A nice HR crime scene with Ulrich Tukur as Murot
You have to like that or plan something else for Sunday evening. “Murot and the Law of Karma” is more of a small art film than a TV thriller, but anyone who really wants to do something different now will miss the actor Sascha Nathan as ventriloquist Bernd. The ventriloquist is a windy guy, not a big one, but a concise role. He also sells weapons, which his doll then offers. Not bad, a puppet that deals illegally in weapons, and how would law and order handle that? If law and order wanted to take action in this scene of the crime, but somewhere that takes it easy with the conventional rules?
There are enough cute ideas and curious characters in this HR production to remain casual in the criminalistic center, although the criminalistic center still exists. There are two thieves and blackmailers, Anna Unterberger and Marina Mitterhofer, who have an extraordinary criminal energy, but the sympathies of the script and direction. One also has the impression that they are not excessive. There are two veritable villains, Philipp Hochmair, who is really bad (and completely without measure), but with a clean slate, and Thomas Schmauser as a man for the rough, but who first has to grow into this role. First, an equally criminal couple puts him in a boxing bag and punches and punches him. Then he buys a gun from Bernd the ventriloquist’s doll.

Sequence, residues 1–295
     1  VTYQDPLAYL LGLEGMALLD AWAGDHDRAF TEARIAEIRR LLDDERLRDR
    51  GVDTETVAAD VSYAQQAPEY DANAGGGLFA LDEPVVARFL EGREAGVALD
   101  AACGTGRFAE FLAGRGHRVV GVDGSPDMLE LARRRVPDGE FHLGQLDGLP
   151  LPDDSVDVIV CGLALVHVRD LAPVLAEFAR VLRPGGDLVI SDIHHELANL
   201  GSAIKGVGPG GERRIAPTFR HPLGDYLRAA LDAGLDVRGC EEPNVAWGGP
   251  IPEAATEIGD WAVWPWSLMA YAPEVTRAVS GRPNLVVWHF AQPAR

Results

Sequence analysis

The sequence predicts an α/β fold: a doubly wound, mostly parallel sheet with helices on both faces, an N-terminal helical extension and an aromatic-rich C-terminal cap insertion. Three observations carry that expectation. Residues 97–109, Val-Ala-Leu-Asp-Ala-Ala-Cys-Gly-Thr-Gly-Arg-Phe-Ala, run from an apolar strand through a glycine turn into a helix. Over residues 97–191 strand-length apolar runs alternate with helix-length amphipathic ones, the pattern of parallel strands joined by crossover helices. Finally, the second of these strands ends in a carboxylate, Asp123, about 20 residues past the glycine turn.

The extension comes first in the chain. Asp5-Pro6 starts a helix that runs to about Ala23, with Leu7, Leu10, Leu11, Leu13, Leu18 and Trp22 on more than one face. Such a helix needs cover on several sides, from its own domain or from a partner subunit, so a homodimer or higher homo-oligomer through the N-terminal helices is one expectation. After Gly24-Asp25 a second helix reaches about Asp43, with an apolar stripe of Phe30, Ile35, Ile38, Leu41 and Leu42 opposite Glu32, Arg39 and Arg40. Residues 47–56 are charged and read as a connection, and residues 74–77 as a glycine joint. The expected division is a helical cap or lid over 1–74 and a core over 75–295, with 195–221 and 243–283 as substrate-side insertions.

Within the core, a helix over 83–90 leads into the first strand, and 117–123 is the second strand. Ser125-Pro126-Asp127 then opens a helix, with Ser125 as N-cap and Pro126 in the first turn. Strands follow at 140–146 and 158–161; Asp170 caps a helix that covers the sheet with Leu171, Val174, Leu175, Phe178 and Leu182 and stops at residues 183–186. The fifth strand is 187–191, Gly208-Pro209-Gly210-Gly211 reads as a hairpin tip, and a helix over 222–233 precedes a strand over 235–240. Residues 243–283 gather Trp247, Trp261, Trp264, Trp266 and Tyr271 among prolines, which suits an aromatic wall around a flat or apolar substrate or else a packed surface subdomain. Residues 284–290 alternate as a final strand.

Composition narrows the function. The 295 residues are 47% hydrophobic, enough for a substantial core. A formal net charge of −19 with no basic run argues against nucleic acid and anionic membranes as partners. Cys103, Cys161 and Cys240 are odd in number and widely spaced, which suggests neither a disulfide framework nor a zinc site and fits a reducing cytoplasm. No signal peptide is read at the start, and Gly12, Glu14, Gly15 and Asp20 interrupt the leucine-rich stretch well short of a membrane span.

It’s a crime scene with a crime story and dead people. The criminal plot begins with a murder in the hotel, the same hotel where Murot, Ulrich Tukur, gives a lecture on fighting crime at the beginning. He always preaches caution and attention, says Murot imploringly, only to then have a likeable young woman, Anna Unterberger, pour Ko-drops into the red wine in a most delightful Tukur restaurant scene. The woman is highly versatile and criminally active, but not exactly of the rogue kind. There is an unexpected connection to Murot’s distant past life, in which he must have spent a serene summer with a girlfriend in Greece. It sounds crazy, but the film material, which now enchantingly fills the opening credits, was found by the makers on YouTube, a Dutch couple had staged themselves retro and were then also available for the photos in the film. There are a thousand ways to be discovered!
It’s quite possible that Murot made a terrible mistake back then, and that’s probably what the title refers to. You become even sadder with Murot than you were before.
The inspector with an ex-private life, the man who suddenly has to think that he is just meeting the daughter whose existence he did not know: these are classic crime scene and comedy elements, but director Matthias X. Oberg, who put the screenplay together with Lars Hubrich, and his excellent cinematographer Max Preiss prefer to shoot a melancholy and nimble story that steers clear of genre conventions altogether. Ulrich Tukur is perfect for this, while it becomes more and more colorful and strange around him, he withdraws more and more into himself. That’s also a matter of taste, but if you prefer the clown, who certainly doesn’t laugh and remains a stranger in the circus and in the world, this is the place for you.
“Murot and the Law of Karma”, ARD, Sun., 8.15 p.m.